Timeless Family Dwelling

Timeless Family Dwelling: A Labour of Love and Design Innovation


This home was a labour of love for the owner-builder, who designed a timeless family dwelling inspired by the colours of nature.

This beautiful, timeless family dwelling, a triumph of exceptional design, materiality and innovation, is the latest offering for Grand Designs Australia.

This beautiful, timeless family dwelling

When the final nail was hammered into place, designer and builder Mick Heuchan says it was an emotional moment. “It was almost surreal that it was finally finished, it’s what I’d been dreaming about for the last 10 years or more,” he says.

Mick had envisioned a house that was timeless, a beautiful organic structure, a family home that was carefully crafted to endure. Where the house now proudly stands was once a scrub- and lantana-covered vacant block of land. Mick had to excavate and move more than 4000 cubic metres of earth to create the house site.

a house that was timeless, a beautiful organic structure,

In sourcing ideas and concepts for the project, Mick was influenced by the work of iconic architect Frank Lloyd Wright. “I remember seeing a house he’d created on the northern beaches and thought, that’s as beautiful today as when it was designed years before,” he reflects.

However, he credits his final inspiration to architect Shaun Lockyer’s body of work. “I just love his use of raw concrete and Monument matt finishes with raw timber,” says Mick.

pay homage to both the beach and the bush

In choosing colours, Mick wanted to pay homage to both the beach and the bush. “I love the Australian coastline and the weathered sandstone found around the coast, the olive greens, greys and browns,” he says. “I wanted to bring that palette to the bush landscape.”

With plans in place, and his good buddy carpenter Greg Allen by his side, the pair went to work. The two-storey home has six bedrooms and three bathrooms, as well as plenty of beautiful and functional living spaces. This includes an upstairs library with glorious views. The living room is one of Mick’s favourite places. “I love the sense of space, the high ceilings and large windows — so much light comes in it’s almost like an amphitheatre,” he enthuses.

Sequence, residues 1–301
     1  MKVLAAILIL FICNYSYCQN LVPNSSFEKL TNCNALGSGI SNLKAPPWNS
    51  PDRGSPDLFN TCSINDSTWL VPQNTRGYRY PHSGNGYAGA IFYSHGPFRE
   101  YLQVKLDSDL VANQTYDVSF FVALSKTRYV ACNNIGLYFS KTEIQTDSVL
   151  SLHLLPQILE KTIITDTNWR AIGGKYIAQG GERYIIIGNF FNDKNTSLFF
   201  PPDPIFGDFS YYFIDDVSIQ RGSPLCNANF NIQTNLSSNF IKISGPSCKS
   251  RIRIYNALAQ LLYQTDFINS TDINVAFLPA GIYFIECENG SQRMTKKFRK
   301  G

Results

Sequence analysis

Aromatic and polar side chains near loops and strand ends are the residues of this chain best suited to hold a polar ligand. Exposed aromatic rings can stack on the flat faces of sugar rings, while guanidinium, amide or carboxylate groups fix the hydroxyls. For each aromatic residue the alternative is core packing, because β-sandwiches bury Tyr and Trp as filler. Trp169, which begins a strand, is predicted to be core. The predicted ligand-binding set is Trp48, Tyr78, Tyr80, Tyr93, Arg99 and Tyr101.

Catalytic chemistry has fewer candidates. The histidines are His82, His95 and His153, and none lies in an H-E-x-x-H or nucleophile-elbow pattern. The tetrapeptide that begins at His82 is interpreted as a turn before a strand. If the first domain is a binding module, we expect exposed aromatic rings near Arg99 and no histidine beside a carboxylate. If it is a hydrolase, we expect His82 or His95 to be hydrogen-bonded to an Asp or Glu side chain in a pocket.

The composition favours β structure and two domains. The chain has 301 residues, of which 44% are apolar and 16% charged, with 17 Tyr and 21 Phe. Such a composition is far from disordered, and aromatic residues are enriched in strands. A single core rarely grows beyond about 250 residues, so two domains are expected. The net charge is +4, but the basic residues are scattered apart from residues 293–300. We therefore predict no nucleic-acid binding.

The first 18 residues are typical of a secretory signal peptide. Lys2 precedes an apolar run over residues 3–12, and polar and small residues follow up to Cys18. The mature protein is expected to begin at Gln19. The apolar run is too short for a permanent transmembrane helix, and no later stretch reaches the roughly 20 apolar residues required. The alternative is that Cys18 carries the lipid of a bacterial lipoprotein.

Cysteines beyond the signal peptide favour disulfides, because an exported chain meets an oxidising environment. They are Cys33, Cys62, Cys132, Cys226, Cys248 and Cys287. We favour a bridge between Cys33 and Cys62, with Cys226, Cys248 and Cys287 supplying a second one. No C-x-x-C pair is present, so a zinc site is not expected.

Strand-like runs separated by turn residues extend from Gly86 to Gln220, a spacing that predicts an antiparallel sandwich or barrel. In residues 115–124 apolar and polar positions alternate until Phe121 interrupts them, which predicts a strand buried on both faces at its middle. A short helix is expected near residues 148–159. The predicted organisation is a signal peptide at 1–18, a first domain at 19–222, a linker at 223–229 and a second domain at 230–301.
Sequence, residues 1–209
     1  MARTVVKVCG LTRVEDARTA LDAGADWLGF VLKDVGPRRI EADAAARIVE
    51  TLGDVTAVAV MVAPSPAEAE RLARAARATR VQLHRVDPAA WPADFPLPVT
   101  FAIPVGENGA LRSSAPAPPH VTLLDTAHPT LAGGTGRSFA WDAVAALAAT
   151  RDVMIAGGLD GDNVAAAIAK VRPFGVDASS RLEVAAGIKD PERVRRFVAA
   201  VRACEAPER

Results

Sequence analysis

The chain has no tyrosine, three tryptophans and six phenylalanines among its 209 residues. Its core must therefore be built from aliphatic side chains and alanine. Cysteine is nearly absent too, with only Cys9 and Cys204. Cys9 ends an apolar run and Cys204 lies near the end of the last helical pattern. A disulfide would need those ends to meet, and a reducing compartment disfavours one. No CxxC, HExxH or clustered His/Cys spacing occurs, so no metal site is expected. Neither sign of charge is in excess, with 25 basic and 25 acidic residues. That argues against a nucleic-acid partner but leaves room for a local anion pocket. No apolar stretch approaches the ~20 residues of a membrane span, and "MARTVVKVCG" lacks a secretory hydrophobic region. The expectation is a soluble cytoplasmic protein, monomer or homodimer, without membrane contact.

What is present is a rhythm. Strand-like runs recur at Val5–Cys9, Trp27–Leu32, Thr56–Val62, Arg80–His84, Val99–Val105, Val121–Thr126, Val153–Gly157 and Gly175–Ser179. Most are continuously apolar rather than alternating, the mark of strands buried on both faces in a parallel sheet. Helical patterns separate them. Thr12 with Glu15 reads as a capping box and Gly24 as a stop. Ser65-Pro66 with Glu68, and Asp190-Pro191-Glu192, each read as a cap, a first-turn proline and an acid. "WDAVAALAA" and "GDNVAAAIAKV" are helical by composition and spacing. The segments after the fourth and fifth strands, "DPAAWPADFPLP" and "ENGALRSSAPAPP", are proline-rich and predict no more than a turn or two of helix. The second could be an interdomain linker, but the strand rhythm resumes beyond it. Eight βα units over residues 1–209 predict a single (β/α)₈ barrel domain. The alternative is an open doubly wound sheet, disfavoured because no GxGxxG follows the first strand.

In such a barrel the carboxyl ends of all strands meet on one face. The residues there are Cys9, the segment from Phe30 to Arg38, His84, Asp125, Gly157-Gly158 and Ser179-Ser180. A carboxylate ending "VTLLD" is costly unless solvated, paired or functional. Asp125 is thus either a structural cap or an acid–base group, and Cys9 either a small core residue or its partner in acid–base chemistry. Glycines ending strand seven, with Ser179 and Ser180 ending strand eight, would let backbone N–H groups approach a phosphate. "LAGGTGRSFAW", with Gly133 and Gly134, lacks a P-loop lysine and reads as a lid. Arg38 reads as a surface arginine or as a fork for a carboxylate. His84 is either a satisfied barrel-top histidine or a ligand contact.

two-storey home has six bedrooms and three bathrooms

It’s not the only area of the home where Mick decided to “go big”. One of the bathrooms has a floor-to-ceiling shower a whole family could share. Mick says another mate of his devised the one-of-a-kind shower screen. “It’s massive, with an amazing frameless glass sliding door system that goes up to the ceiling. When you turn the shower on it turns into a steam room,” he says.

Grand Designs Australia TV House

The spacious kitchen is perfect for entertaining. The idea behind the open-plan living and generous kitchen stems from Micks childhood, and wonderful memories with friends and family at home. “Growing up when we had dinner parties — the women were outside sipping boxed wine and the men were inside cooking and preparing the food. We had so much fun,” he says laughing.

open-plan living

The interior of the home is light-filled, comfortable and deliciously luxurious. There is so much to discover.

An underground wine cellar was another item Mick was determined to tick off his must-have list. “It was always a dream of mine,” he notes. But sourcing enough light proved to be a bit of a conundrum. Then Mick had a light bulb moment. “About six months into the build I thought I’ll move the pool next to it and add a big window. At night you can turn the pool lights on and beautiful reflected light comes into the wine cellar.”

TV House - Dooralong Elemental House

Many sustainable and earth-friendly building practices and products were implemented in the design, including concrete panels and double-glassed glazing, sub-floor heat pump heating and the latest high-end thermal insulation.

Many sustainable and earth-friendly building practices and products

Reflecting back, Mick says the project did have some tumultuous moments, including breaking his neck three months prior to the reveal. “I was surfing, was dumped on the shore and had to be rushed to hospital, which made things interesting,” he says. “We still had a lot to do, so I put on a neck brace and just kept working.”


HOUSE Elemental House
FINAL COST $1.2 million


Architect SSD Studio, ssdstudio.com.au
Builders Mick Heuchan and Greg Allan
Designer Mick Heuchan
Interior designer Mick Heuchan and Sue Redman

PHOTOGRAPHY Sally Griffiths

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